So, how do you work out what your personality type is?



Owl or lark?

Before getting started on your fitness, you need to work out what time of the day you get the most out of your exercise. If you’re a 'rise and shine' type of person who likes to get their workouts over with first thing in the morning, don’t sign up for classes after work. Similarly, if you prefer to get your sweat on later on in the day, avoid forcing yourself into getting out of bed early to smash your goals.

 

Solo or team player?

Next, take a look at the way other people influence your workout. Do you prefer to be around others for the motivational aspect of exercise, or do you prefer to be self-motivated? Teaming up with others is a great way for some people to make the most of their fitness routine, sports such as volleyball and tennis provide a social aspect while also providing a motivational environment to workout in. Classes such as boxing and aerobics are also great for socialising. If you prefer to fly solo, swimming, running and yoga are perfect for getting some quiet time but can also be adapted if you fancy being more social – joining a running club or a yoga class, for example.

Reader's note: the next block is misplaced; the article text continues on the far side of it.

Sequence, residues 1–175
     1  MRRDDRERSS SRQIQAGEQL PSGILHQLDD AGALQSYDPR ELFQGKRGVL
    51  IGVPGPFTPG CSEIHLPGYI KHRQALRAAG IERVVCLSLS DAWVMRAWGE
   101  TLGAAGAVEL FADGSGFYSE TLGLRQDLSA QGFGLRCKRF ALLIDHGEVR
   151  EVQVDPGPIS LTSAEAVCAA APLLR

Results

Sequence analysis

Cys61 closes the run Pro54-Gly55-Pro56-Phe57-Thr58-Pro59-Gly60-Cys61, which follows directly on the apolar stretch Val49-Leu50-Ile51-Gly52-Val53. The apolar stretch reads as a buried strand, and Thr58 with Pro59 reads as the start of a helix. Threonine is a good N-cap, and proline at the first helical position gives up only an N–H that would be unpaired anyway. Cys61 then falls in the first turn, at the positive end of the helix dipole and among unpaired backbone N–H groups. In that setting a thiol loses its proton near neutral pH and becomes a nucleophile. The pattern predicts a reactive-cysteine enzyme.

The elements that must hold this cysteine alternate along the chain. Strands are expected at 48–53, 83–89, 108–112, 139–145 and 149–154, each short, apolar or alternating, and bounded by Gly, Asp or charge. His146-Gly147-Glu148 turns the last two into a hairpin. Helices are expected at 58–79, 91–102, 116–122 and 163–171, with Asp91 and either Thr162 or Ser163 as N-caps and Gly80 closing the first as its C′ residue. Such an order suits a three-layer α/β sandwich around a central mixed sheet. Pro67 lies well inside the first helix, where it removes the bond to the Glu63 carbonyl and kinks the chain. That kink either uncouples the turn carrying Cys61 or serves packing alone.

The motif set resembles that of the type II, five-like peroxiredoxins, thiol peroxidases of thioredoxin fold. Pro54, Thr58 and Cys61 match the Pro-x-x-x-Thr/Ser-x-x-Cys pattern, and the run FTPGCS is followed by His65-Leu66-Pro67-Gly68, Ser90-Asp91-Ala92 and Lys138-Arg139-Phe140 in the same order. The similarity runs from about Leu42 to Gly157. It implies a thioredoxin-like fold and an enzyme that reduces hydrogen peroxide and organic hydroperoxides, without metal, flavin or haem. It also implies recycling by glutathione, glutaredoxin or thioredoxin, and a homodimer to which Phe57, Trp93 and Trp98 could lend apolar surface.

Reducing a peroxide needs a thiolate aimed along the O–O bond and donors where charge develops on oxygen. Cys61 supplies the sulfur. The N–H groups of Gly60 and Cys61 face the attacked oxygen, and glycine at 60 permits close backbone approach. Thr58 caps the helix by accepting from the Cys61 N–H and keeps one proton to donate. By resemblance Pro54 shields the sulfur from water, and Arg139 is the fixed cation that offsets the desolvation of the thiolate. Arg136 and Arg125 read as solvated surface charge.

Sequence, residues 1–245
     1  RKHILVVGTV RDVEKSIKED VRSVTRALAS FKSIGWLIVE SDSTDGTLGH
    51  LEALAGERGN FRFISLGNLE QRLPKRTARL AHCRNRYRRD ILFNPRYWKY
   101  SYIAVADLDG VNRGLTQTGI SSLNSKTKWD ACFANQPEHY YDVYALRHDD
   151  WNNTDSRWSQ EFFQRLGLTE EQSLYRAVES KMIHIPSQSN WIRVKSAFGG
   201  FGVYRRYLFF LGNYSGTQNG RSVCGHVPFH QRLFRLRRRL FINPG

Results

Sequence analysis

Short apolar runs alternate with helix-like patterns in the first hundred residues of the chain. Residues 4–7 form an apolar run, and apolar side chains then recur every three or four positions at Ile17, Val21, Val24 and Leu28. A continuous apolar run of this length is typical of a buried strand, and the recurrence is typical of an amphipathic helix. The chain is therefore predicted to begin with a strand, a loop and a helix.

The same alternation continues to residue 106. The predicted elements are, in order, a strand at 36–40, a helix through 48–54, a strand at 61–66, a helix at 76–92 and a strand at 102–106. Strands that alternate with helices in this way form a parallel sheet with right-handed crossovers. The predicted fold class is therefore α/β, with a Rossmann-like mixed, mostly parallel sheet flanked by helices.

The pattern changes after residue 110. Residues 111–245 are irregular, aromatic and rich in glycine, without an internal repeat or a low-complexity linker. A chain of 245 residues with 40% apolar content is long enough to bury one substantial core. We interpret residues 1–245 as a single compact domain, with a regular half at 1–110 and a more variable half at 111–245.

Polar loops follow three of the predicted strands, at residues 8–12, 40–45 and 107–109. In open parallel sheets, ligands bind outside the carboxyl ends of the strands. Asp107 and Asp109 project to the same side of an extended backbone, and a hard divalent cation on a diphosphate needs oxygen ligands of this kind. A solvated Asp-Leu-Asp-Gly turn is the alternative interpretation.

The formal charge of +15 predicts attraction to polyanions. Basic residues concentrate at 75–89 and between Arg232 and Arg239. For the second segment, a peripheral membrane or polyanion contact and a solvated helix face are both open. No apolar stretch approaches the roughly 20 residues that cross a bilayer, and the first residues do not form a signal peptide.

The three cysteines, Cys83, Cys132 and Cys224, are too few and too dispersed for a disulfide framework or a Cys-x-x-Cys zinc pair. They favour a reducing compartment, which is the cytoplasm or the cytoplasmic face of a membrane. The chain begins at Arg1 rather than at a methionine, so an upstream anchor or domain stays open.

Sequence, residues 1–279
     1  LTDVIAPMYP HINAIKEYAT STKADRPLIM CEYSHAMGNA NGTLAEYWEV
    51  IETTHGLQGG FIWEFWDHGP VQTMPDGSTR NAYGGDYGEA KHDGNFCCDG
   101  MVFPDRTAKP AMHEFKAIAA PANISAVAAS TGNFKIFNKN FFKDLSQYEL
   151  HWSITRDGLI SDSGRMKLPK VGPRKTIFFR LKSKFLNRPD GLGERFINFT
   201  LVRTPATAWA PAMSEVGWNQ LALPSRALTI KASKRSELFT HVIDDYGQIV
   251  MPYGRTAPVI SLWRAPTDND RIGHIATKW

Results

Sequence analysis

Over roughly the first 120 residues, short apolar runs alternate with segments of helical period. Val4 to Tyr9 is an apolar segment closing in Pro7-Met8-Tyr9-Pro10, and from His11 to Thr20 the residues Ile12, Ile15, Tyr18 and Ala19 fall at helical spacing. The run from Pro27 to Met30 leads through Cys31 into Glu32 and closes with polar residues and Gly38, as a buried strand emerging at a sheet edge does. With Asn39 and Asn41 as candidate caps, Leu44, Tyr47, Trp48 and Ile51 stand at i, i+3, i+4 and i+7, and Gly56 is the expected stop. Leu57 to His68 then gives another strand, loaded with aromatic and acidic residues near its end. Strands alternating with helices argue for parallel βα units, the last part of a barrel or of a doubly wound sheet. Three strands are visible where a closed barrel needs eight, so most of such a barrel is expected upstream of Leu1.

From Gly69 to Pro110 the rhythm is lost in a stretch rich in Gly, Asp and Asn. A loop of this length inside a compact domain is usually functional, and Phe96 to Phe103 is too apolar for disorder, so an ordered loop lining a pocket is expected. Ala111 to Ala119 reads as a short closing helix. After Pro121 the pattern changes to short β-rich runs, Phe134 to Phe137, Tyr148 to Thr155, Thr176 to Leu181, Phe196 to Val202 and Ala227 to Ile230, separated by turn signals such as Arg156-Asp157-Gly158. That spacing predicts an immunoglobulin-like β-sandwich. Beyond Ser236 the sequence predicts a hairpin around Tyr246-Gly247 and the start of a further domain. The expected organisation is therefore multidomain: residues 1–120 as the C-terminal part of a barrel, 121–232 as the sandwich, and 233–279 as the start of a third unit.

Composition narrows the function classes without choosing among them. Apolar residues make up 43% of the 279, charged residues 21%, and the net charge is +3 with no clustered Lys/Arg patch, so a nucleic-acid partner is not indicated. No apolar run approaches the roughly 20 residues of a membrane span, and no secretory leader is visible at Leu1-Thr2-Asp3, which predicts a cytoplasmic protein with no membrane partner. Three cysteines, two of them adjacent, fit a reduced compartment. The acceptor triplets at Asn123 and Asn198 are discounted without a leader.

Know your mind

While no two personalities are the same, people generally fall into three broad categories:

  • Type A

Tend to be competitive and prefers to be engaged in high levels of activity. Become easily annoyed if they feel others are wasting their time.

  • Type B

Tend to be relaxed and slow paced, find it difficult to become angry and are described as easy going.

  • Type C

Tends to internalise emotions and can easily become overwhelmed with hopelessness and discouragement.

 

This is a very oversimplified way of looking at an otherwise intricate and complex subject, but if you have a rough idea of which type of personality you have, it will be much easier to find an exercise to suit you. Type As will respond well to exercise that pushes them outside of their comfort zone and engages their competitive nature, such as marathons and triathlons. They would also do well to find exercises that release tension and stress such as yoga and swimming. Type Bs are more likely to get a kick out of an exercise that satisfies their search for meaning and playfulness, such as circus workshops, walking meditations and surfing classes. Finally, Type Cs should seek out fitness that boosts their self-esteem and rewards them with achievements such as martial arts or boxing.



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